At one point in time, Microsoft had aspirations to make Windows 10 the last “major update” for its desktop operating system. But apparently the company wanted to turn things up to 11. Today, Microsoft officially introduced the next big update to Windows.
It was teased plenty of times, but Windows 11 is now officially official. The company has been teasing the number change for quite a while now, and here we are. And it’s simply not an uptick in the version number, either. The company knew it had to go big to warrant such a change at all. Whether or not it warrants it based on the changes the company is making, remains to be seen.
But there’s certainly plenty of change, that’s for sure.
The new Windows 11
Microsoft is reworking the whole interface. Both with small and big changes. The company is focusing on multitasking (like iPadOS 15!), a simplification of the user interface in general, performance improvements, and a brand new Windows Store.
Things start (no pun intended) with the new Start menu and Star button. Microsoft has made the decision to center both of these on the taskbar. (This can be changed in settings, but this is how Microsoft feels it is best handled out of the box.) Interestingly, Microsoft appears to be bringing some elements from the now defunct Windows 10X, the operating system originally destined for dual-screen devices.
But, back to the Start menu. Microsoft has dropped the Live Tiles introduced in Windows 8. Instead, we’ve got a more launcher-friendly approach. You’ll find a refined search option, a list of recent documents, apps, and a lot of rounded corners. There are new light and dark themes, and users can customize the Start menu to fit their needs.
In an effort to help with getting things done, there are new efforts with multitasking. That starts with what Microsoft calls snap layouts. Windows 11 supports various modes, like having two apps side-by-side, along with o other layouts. So users will be able to quickly launch apps in these modes, rather than having to deal with sliding and positioning apps in the correct order. And with Snap Group, layouts for specific apps that the user uses frequently will be remembered by the software.
If you use multiple monitors, this should be exceedingly helpful.
Microsoft Teams is being integrated into Windows 11. That’s for consumers and business users. The app will be integrated into the taskbar, letting users make calls, send messages, and keep tabs on contacts right on the desktop. It appears that Skype isn’t getting the same attention this year with Windows 11, so Microsoft’s focus is certainly shifting.
Windows 11 is going big with widgets. It’s building up from what it introduced in Windows 10. Widgets are still accessible by sliding in from the left-side of the screen. These are AI-powered and will show relevant information on a daily basis. Microsoft has some built-in widgets, including news, weather, and maps.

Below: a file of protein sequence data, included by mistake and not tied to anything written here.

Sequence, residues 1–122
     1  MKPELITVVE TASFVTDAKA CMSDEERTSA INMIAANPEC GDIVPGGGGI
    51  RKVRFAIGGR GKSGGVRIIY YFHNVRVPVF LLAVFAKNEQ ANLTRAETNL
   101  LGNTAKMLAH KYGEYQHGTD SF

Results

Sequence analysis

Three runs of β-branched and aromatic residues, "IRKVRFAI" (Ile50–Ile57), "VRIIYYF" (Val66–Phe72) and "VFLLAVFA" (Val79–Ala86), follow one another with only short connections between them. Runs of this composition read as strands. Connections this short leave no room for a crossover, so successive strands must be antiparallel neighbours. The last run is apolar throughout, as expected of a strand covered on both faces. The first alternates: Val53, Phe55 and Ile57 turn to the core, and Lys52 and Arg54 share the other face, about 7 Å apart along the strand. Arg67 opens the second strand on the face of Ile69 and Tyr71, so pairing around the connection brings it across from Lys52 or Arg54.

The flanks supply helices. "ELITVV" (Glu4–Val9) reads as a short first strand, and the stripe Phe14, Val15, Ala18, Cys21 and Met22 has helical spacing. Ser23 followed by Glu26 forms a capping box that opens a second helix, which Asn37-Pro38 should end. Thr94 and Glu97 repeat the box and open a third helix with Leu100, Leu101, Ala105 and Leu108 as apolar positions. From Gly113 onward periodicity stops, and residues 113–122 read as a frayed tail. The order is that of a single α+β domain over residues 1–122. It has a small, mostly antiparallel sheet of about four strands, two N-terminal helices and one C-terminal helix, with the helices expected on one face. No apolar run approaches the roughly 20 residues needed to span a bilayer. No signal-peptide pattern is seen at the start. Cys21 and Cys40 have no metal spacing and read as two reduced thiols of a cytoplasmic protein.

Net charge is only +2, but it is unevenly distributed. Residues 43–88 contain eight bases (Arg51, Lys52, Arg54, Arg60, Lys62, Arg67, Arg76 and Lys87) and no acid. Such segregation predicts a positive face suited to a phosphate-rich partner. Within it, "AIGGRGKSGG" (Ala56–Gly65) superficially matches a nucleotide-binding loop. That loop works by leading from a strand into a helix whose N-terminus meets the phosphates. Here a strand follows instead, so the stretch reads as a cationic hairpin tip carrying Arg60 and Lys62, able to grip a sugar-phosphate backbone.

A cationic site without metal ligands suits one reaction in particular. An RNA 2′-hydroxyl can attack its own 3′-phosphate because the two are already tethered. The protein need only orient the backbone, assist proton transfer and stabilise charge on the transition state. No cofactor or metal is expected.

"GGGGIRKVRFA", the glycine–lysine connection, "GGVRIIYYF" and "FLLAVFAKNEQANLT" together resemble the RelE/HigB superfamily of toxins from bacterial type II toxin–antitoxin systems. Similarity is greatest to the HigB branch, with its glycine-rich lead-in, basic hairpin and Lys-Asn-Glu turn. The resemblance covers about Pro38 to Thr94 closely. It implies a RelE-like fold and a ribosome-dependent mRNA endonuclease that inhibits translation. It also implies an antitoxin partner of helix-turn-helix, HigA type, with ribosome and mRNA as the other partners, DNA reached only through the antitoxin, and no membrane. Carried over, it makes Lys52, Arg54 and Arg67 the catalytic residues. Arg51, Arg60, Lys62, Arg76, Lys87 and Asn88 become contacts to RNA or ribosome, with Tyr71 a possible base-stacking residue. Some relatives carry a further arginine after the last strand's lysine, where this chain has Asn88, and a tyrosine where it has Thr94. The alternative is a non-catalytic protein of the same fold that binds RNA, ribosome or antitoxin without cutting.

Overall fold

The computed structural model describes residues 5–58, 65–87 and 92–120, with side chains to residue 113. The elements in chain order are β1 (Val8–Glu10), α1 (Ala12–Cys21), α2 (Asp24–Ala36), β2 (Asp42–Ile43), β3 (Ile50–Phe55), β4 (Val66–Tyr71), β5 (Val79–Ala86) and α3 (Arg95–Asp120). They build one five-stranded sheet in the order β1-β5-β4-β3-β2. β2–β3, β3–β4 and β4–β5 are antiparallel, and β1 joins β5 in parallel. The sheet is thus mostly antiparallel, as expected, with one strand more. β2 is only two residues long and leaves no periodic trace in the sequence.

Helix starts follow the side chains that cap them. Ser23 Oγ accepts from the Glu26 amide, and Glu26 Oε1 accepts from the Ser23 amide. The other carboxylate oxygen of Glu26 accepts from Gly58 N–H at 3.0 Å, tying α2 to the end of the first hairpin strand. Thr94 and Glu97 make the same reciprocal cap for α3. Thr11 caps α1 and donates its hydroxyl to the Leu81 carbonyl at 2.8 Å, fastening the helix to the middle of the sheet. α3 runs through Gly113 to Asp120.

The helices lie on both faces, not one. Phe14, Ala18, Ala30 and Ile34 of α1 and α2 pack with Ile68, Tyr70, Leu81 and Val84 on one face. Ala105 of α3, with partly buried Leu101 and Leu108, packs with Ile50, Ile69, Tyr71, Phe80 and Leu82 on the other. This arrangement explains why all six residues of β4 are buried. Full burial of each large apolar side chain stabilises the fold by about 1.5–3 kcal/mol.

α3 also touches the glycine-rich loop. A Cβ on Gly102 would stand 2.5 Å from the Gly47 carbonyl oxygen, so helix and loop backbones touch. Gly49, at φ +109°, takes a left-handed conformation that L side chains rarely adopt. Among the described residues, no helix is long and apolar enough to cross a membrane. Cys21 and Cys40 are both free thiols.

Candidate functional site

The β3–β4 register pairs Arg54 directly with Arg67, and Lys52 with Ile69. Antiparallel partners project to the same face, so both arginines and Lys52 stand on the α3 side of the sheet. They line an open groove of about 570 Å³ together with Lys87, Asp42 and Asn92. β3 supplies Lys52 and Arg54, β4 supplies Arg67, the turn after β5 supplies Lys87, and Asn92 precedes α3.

There’s even a widget to tip local creators.
One probably shouldn’t be surprised that Xbox, and gaming, is a focal point for Windows 11. That stars with a new integrated Xbox Game Pass app. This will also allow users to access xCloud game streaming, too. Windows 11 also supports Auto HDR, a feature that’s built into the Xbox Series S|X video game consoles. This will bring high dynamic range support to both DirectX 11 and DirectX 12 games. (You’ll need a compatible HDR monitor, though.)
Microsoft wants to make sure that Windows 11 performs where it matters. To help with that, Microsoft is supporting DirectStorage (another Xbox Series S|X feature). This will help game load times.
Microsoft says that Windows 11 updates will be about 40 percent smaller than they are now. Meanwhile, Windows 11 is free to those who are running Windows 10. You’ll just need a PC that meets the new minimum requirements. Those are:
Processor: 1 gigahertz (GHz) or faster with 2 or more cores on a compatible 64-bit processor or System on a Chip (SoC)
RAM: 4 gigabyte (GB)
Storage: 64 GB or larger storage device
System firmware: UEFI, Secure Boot capable
TPM: Trusted Platform Module (TPM) version 2.0
Graphics card: Compatible with DirectX 12 or later with WDDM 2.0 driver
Display: High definition (720p) display that is greater than 9-inches diagonally, 8 bits per color channel
Internet connection and Microsoft accounts: Windows 11 Home edition requires internet connectivity and a Microsoft account to complete device setup on first use. Switching a device out of Windows 11 Home in S mode also requires internet connectivity. For all Windows 11 editions, internet access is required to perform updates and to download and take advantage of some features. A Microsoft account is required for some features.
One of the bigger changes to Windows 11 is the new digital storefront. The new Windows Store is completely redesigned, making it easier to find content, while also just being generally easier on the eyes. Microsoft says it’s bringing new apps into the mix, too, including Android apps (like TikTok, via the Amazon Appstore), apps from Adobe’s Creative Suite, and more.
Microsoft also says it won’t take a cut from developers who use their own commerce options within their apps.
This story is developing…